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    Default Re: Music Documentaries

    For what it's worth I recommend the Genesis documentary Together & Apart...

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    Stuck on the Border Jonny Come Lately's Avatar
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    Default Re: Music Documentaries

    Quote Originally Posted by MortSahlFan View Post
    I love "Classic Albums" - they really get into the music, it's the best program for music.

    I've seen a lot of ones about The Doors. Crossfire Hurricane is a good Stones one. Pink Floyd has a lot, including a non-classic albums "Making of Wish You Were Here" "The Wall" (as well as "Classic Albums: Dark Side")

    I just saw some on Netflix, on Janis Joplin (good), Keith Richards (ok). The Beatles have a lot of stuff.

    I loved Roger Waters new Wall movie. Part movie, part documentary, part concert.

    There's also a couple of good Supertramp ones.

    Anything upcoming?
    Couldn't agree more about the Classic Albums series! I saw the Dark Side episode a while back and absolutely loved it, superb stuff. I loved how they went through the album track by track and went into such detail about the making of each song. I'm really glad they did it while Rick was still around. I really liked the Wish You Were Here documentary too. I remember seeing one for Meddle on YouTube once too.There was another Pink Floyd one I enjoyed (can't remember the name... I think Richard E Grant was the narrator. It was a bit too biased towards Gilmour's side, but still good).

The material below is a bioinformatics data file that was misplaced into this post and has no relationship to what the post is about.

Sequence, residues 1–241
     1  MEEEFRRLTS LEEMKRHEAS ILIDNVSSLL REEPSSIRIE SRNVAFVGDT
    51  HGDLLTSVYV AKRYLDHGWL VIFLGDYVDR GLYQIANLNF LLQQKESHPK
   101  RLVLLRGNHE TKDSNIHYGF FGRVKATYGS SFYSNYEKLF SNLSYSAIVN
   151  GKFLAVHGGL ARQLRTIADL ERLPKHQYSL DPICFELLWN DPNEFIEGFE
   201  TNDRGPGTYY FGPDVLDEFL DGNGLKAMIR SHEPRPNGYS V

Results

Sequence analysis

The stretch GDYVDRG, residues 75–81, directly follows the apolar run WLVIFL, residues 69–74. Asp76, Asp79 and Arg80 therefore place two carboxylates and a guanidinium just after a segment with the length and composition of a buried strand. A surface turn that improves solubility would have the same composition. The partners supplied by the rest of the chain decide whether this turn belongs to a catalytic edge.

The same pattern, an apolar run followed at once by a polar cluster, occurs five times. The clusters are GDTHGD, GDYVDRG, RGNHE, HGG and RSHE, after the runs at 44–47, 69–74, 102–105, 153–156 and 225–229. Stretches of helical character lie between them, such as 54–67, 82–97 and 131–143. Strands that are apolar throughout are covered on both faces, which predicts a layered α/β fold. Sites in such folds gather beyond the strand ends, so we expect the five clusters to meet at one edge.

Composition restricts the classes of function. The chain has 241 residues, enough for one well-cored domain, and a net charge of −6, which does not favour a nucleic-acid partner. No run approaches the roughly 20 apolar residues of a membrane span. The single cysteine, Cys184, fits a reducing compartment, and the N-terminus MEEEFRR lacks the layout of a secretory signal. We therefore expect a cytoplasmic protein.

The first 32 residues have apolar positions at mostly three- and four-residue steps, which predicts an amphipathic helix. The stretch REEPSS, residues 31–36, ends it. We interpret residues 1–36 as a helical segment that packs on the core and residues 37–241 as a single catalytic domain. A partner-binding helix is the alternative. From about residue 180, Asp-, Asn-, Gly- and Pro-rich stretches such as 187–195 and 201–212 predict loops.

Another one I remember really enjoying from the Classic Albums series was the episode for Deep Purple's Machine Head. Seeing Jon Lord playing the slowed down and full speed versions of Highway Star's organ solo was brilliant! I didn't see the whole thing because I was too tired at the time, but if it comes on again I will definitely watch it. On a similar theme, I saw a hard rock/heavy metal documentary called Heavy Metal Britannia (I think) a while back, which was great. Although the title was heavy metal it had just as much from hard/heavy rock as actual metal - there was quite a bit of Purple and a bit of Led Zeppelin in there.

    I guess The History of the Eagles is probably a bit of an obvious choice for us on The Border, but seriously, that shouldn't cloud the fact that it is a superb rockumentary. It does such a fantastic job of telling the band's story in a way that seems to work just as well for more casual fans as well as the hardcores (my Dad, who likes the Eagles but doesn't know the band or music as well as I do, absolutely loves it). It really is a standout of the genre.